The Revolving Door at Daimler HQ

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Cleaners Report Extremely High Turnover Rate

The company that cleans Daimler Trucks North America’s headquarters – Millennium Building Services – has an employee turnover problem. Millennium janitors and day porters at Daimler come and go so fast that the turnover rate on site is nearly 100 percent per year, according to an analysis by SEIU of reports by workers.

Millennium employees have reported approximately 17 cleaning positions at the headquarters – six day porters and eleven night janitors. In the last 12 months, Millennium employees say that 16 of their coworkers have left the building, which would mean a 94.1 percent turnover rate on site.

Workers report an even higher rate of 109.1 percent among the Millennium janitors on Daimler HQ’s night shift. (Out of 11 known janitorial positions, there were 12 departures from Daimler HQ in the last year.)

That is more than double the average turnover rate for all U.S. industries in 2017.[1] Excessive churn can have a negative impact on service quality and productivity, according to business analysts, and it can hurt employee morale.[2]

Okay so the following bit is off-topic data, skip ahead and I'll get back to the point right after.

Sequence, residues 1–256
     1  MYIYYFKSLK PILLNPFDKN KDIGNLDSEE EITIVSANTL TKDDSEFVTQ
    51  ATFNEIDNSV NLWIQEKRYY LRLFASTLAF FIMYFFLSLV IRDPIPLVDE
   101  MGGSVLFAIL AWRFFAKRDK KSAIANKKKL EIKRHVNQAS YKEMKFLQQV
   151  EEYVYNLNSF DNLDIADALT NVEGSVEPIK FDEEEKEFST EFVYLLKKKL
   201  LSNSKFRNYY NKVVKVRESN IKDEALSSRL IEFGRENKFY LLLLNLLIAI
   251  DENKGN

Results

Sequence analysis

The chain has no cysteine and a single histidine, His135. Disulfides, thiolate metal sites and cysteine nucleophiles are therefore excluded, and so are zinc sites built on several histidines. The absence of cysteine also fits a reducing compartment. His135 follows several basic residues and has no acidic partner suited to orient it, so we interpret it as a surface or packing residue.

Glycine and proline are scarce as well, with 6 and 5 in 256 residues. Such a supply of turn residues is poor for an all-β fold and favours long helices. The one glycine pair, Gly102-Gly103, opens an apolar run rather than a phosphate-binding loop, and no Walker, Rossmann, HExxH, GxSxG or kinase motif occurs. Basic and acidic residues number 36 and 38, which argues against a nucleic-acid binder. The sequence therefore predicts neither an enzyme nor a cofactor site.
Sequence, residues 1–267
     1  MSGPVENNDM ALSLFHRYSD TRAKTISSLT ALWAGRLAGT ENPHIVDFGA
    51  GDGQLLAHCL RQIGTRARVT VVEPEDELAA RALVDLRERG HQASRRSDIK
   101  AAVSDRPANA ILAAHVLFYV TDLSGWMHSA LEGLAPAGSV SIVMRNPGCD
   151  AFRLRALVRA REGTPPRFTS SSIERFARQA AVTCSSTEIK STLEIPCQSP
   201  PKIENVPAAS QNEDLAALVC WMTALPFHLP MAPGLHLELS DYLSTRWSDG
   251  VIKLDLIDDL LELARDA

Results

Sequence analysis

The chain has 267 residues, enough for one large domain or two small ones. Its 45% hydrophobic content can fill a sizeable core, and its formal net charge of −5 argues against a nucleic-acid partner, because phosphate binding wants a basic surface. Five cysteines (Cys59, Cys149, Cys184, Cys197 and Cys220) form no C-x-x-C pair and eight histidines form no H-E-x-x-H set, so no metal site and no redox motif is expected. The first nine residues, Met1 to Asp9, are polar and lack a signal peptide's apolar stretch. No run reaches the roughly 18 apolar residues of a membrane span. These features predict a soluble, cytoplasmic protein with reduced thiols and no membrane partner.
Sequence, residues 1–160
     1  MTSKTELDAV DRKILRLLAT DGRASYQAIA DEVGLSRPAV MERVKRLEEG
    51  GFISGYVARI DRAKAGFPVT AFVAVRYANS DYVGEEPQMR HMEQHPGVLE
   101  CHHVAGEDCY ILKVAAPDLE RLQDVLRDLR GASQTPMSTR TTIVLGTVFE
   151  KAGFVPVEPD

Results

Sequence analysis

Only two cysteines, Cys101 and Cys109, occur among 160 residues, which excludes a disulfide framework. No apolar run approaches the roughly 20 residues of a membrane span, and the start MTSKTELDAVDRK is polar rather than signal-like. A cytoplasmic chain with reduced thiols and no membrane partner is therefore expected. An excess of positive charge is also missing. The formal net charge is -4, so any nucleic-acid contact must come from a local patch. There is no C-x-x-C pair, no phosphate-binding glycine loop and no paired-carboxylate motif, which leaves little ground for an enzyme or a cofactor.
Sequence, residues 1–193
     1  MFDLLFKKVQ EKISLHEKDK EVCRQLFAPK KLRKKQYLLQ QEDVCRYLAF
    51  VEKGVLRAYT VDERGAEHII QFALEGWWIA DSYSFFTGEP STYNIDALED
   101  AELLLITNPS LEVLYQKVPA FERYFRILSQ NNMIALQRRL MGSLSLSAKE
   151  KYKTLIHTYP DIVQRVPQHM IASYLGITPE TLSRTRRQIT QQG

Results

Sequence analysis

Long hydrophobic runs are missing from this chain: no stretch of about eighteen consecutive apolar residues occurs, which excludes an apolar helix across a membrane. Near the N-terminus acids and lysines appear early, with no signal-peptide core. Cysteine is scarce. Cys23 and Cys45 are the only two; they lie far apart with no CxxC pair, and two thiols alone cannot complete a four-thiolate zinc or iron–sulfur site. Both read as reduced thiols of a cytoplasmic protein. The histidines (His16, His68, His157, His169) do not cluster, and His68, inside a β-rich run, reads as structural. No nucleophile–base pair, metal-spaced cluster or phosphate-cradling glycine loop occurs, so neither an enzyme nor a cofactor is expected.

Many factors contribute to high rates of turnover.  Employees working for Millennium report poverty wages, lack of access to affordable health insurance, disrespectful treatment from supervisors and denial of access to protected earned sick time as major problems. In January, Millennium workers filed charges with the National Labor Relations Board alleging interrogation and retaliation; workers hope that Millennium will agree to respect workers’ rights to form their union.

Clients interested in employee retention often contract with certified responsible contractors, listed on ResponsibleContractorGuide.com. Responsible contractors meet area standards for wages, benefits, and working conditions, and have a tried-and-tested dispute resolution system to avoid the expense of courtrooms or reputational damage from appearing on the front pages of newspapers.

[1] The annual employee turnover rate for all industries, as measured by the Bureau of Labor Statistics, was 43 percent in 2017. U.S. Dept. of Labor, Bureau of Labor Statistics, “Economic News Release” no. USDL-18-0377, March 16, 2018, “Table 16. Annual total separations rates by industry and region, not seasonally adjusted,” https://www.bls.gov/news.release/archives/jolts_03162018.htm#jolts_table15.f.1.

[2] Markovich, Miki. “The Negative Impacts of a High Turnover Rate.” Chron.com, April 13, 2018. http://smallbusiness.chron.com/negative-impacts-high-turnover-rate-20269.html.